Looking for horror movie recommendations.

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  • Someone mentioned Frontieres. I loved it, although it has a high ick factor. It has crazy nazis though. Solid, aside from a few ''why are you doing that you stupid, stupid person'' moments.

    2001 Maniacs

    Has a cult following. It wasn't that bad but I thought it was a bit dated. Still fun though.

    Trailerpark of Terror
    Is about some kind of undead trailer trash killing some students. It's pretty well done but ultimately nothing to write home about.

    Deliverance
    ...is probably a perfect fit too, right?

    30 Days of Night
    I liked this one, although it's not exactly within this genre. It's more of a vampire movie after all, but technically, it fits the bill. The twist is that the evil guys descend on a town instead of the other way around.

    Children of the Corn
    Fits well. The first movie is good, the sequels are all crap. The latest remake (2009) I actually liked, unlike the rest of the internet who is nerdraging about it. This remake is actually more faithful to the original Stephen King story, even more than the original movie.
  • Posted By: northerainWhat's true horror?
    I used that term to distinguish from other movies where groups of people torment protagonists, but not actually physically torture and kill them. There are lots of movies where the badguys are the government or a secret cabal or evil organization or corporation, but they are usually thrillers or suspense/action.

    Has anyone mentioned Ils (incorrectly translated as "Them" for the english market) yet? "Lucas and Clementine live peacefully in their isolated country house, but one night they wake up to strange noise... they're not alone... and a group of hooded assailants begin to terrorize them throughout the night" I think that fits the bill.
  • I can't in good faith mention it. It was a terrible movie and nothing will ever change my mind about it. I don't care if it was based on a true story, it was just terrible in every way.

    (not slamming you, I just hate that movie).
  • How could I forget ''House of 1000 Corpses'' and the sequel (kinda) ''The Devil's Rejects''.
    This was back when I thought that Rob Zombie might end up making a good movie.
  • Really? I didn't love it, but I remember thinking it was okay, pretty classic euro-take on north american horror tropes.

    What did you hate about it? I'm curious.
  • I liked the set up, I was a victim of the moderate hype, then around the middle I was thinking ''this is stupid''. I can accept that a gang of kids can eventually kill you, but what kind of person is unable to lock his house and protect himself from kids aged 16 and under? I'm not one to look at realism, I just didn't find it scary, just silly.
  • Oh gotchya. I can't really argue with that, but I read it more as both a condemnation of western european bourgeoisie (so frightened by the slavic other that they can not even defend themselves against some children) or possibly, more negatively, as reinforcing stereotypes about eastern european youths and their nihilistic scariness.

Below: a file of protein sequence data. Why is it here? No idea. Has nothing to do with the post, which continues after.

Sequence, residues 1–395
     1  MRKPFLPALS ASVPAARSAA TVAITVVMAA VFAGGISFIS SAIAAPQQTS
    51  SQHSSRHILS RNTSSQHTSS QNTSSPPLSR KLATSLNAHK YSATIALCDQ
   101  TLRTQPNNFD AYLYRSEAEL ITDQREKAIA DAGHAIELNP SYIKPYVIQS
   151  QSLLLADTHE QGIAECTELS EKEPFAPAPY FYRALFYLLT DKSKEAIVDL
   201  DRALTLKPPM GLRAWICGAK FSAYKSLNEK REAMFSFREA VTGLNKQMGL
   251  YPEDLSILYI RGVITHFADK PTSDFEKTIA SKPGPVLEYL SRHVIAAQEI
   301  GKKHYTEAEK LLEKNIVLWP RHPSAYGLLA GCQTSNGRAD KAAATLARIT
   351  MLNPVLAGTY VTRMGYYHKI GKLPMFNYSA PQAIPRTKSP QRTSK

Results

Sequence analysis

• Dystopian fiction is about this.

    For groups of fear-based oppressors who play harsh psychological mind games and administer torture to people that I'd find innocent, some movies:
    THX 1138
    V for Vendetta
    1984

    I know it's not at all in the horror genre, but dystopian oppressors lay out some pretty horror-portable principles:
    1.) Blame the individual for their punishment.
    2.) Use the body to control the mind.
    3.) Isolate, and establish a total institution.
    4.) Support neighbors betraying neighbors: this makes the state the only "trustworthy" people.
    5.) Doing your job while staying immaculately clean is terrifying.
    6.) Presentation is everything.
    7.) Present the situation as if they have no one else to turn to.
    8.) Present yourself as someone they can turn to.
    9.) Constantly repeat high-concept statements about your guiding purpose.
    10.) People are tools. So is fear.

    Now, look at that list. Slashers use that exact same list.
    #4 becomes "Sow distrust amidst the victims", #5 becomes "Walk, don't run".
    The difference is, in dystopian fiction, there are many perpetrators. The horror villain, as a public institution.
  • Love the compare/contrast, Joe. The only difference that jumps out at me is the fact that dystopian fiction often paints The Establishment, and/or society at large, as the band of sadistic torturers. In George's list, the band of sadistic torturers are transgressive -- how could these people get away with this in this day and age?

    IMO the point of the "redneck torturer" genre is to undermine our sense of safety. Or maybe the sense of safety we have perhaps arrived at foolishly because we haven't yet made some random mistake that rips the scales from our eyes and shows us we were never really safe in the first place.

    Dystopic horror is almost worse because we're shown that the price of safety is our individuality, and there is no escape to a safe place (except in the dystopic works that feature a rebel underground for outcast individualists).
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